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Over 700 Attend 3rd Open Congress of IPPNW-Germany

September 24, 2008

Thanks are owed to Lena Donat, Sven Hessmann and Xanthe Hall for Contributing to this report.

From September 12th to 14th IPPNW Germany held its 3rd Open Congress for a Culture of Peace in the Urania in Berlin. For three days 700 participants and experts were debating to identify paths to recovery and to promote constructive proposals for more peaceful world order. More than 50 experts from all over the world gave lectures, from Ecuador, Kenya, Canada, South Africa or Palestine.

The documentation of the lectures in English language can be found here: [English Docs]

The congress aimed to address the four global threats we are facing at the beginning of the 21st century according to the Oxford Research Group:1

  1. Climate change,
  2. Competition over resources,
  3. Marginalization of the majority of the world, and
  4. Global militarization.

In lectures, workshops and discussions the participants and experts analyzed the risks to peace and looked for solutions. With examples of constructive conflict management IPPNW aimed to encourage further actions Several events broached the issue of the marginalization of the majority of the world. Dr. David McCoy addressed in his workshop “Poverty and Health: The Global Health Watch” health inequality and “the poor health of the poor”. [Go to Presentation]

Miri Weingarten talked about the limited access for people from Gaza to medical treatment. Her colleagues Dr. Eyad Rajab El Sarraj and Achmad Abu Tawahina could not attend the congress as Israel had denied them the exit from Gaza. This decision illustrated the topic of the workshop “Israel/Palestine: Walls versus Bridges”. [Go to Presentation]

The physician and winner of the Alternative Nobel Price Hartmut Graßl gave an impressive and demonstrative lecture on the “Anthropogenic Climate Change” and its risks for human race and biodiversity. He proposed that by 2050 scientists should learn to harness a five thousandth part of the sun to provide energy to — by then — 9 billion people. He also cautioned against the decreasing oil resources.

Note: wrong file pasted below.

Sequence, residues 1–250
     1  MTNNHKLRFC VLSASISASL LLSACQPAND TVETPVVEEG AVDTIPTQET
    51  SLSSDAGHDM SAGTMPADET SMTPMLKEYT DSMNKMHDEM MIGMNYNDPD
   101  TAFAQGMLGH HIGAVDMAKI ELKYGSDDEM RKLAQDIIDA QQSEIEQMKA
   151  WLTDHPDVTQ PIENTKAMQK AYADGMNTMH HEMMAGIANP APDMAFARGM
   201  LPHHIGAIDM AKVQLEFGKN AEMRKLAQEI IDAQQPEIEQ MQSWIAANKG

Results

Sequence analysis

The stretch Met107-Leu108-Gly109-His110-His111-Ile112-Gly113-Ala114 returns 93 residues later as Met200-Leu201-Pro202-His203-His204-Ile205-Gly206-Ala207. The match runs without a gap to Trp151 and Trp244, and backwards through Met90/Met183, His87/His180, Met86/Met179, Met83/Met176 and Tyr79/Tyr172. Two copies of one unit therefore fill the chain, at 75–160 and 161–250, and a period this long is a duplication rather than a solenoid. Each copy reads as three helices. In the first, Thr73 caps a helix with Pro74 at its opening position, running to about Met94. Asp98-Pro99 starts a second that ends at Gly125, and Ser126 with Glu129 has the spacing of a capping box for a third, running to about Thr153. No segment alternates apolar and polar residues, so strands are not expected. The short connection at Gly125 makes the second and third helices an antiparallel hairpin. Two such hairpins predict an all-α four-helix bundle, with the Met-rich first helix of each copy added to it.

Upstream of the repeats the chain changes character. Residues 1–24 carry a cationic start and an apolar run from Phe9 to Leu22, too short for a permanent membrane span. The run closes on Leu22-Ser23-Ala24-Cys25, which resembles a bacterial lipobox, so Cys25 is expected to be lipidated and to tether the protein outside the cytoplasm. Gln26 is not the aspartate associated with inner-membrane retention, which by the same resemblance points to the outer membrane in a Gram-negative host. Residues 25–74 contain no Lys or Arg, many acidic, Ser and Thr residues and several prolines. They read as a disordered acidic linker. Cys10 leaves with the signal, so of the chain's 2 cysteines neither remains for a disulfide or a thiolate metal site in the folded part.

Climate change as a consequence of a regional nuclear war and the resulting famine was brought up by Dr. Ira Helfand. He advocated a Nuclear Weapons Convention in order to prevent a sudden cooling and radioactive contamination of farm land which would be caused by nuclear weapons explosions. [Go to Presentation]

Other workshops dealt also with the risks of global militarization like German military operations in Afghanistan or the militarization of humanitarian aid. Dr. Walter Odhiambo from Kenya held a workshop about firearm injuries. Small weapons violence hits especially poor people from the South and occupies capacities that could better be invested in development and the health system. [See Earlier Post with Kenyan One Bullet Story]

The Congress closed with ideas of how a world led by a Culture of Peace could look like. Mary-Wynne Ashford recalled the power of the civil society. In order to address climate change and prevent war she called for the abolition of nuclear weapons and demanded from people to reduce their own carbon footprints. [Go to Presentation]

Prof. Dr. Dr. Horst-Eberhard Richter stated that only with openness towards other people we can overcome a culture of war. [Go to Presentation]

1. http://www.oxfordresearchgroup.org.uk/work/gl..

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